“An Easy A” – Musicovering song #2

Last Friday we shot the video of our live performance of “An Easy A” – our second song. It was a great shoot with the wonderful Mads Hoppe, who truly is a joy to work with! You can so much look forward to the result! “An Easy A” is a song mainly written by Joe employing the nice little concept of reverse poetry and the rather more unconventional concept of letting a text change meaning by edging in consonant sounds, syllables and words here and there.
So the song is structured as follows:
It starts out with a chorus sung by Joe alone conveying a mood of hopelessness, loneliness and a lack of confidence followed by a verse sung by the two of us which continues this pessimistic line of thought somehow admitting defeat. Then during a quiet middle section the song is reversed and the verse in reverse changes its meaning to the opposite – expressing optimism, companionship and confidence. When we reach the chorus we sing it in the same order as before, so it’s not reversed, but my part is added consisting as mentioned of a blend of consonant sounds, syllables and words interspersing Joe’s original chorus. It is a somewhat ingenious play with words composed entirely by Joe.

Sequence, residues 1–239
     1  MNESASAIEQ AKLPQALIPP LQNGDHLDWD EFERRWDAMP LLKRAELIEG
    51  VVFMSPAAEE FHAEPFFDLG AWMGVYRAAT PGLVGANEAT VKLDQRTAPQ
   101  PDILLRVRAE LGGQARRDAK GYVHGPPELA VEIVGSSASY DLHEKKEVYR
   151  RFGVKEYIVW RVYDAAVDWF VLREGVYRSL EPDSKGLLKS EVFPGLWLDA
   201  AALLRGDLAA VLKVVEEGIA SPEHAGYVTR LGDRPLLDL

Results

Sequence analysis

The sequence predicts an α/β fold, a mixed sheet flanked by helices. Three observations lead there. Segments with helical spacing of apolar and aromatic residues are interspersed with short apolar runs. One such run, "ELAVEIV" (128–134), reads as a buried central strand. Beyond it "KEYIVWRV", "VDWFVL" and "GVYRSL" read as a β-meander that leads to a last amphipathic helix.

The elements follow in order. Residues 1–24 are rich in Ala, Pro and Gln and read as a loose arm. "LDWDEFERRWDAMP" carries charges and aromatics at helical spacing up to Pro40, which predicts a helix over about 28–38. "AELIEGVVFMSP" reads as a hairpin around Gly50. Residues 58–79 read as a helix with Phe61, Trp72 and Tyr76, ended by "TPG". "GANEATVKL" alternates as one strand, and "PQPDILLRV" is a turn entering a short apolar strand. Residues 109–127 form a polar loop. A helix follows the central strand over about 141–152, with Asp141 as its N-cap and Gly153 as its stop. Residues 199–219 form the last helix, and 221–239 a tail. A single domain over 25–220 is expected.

The original chorus (Joe alone):
An easy A, a hard B,
I am singing tonight
To sum it up, I fail to see
I lose as I fight
The manipulated chorus (Joe and Phil):
Anteasy[ici]pAte a hard[heart]B[ea]t
know it’s amasing[zing] grow-ing into a knight
To reach the sum[m]it, I must go up, and
can’t fail to see
won’t lose as long as I fight
Eh? 🙂
So Joe sings the exact same lyric (and plays the exact same piano accompaniment) in both choruses – and still it’s a completely different story when my part is added.
The piano part is for four hands with Joe playing the chords in the mid range while I play a combination of treble and bass parts just adding some flavour to the verses and actually reinterpreting the chords in the chorus by adding different bass notes to the chords Joe is playing. There is a fun back-and-forth between us in the piano part as well. Thus Joe’s eighth note run in the first chorus
changes into a run going from sixteenth notes to sixteenth note triplets due to the notes I add in during the last chorus.
Hope you will enjoy our small piece and that it will spark some creative ideas in you! 😀

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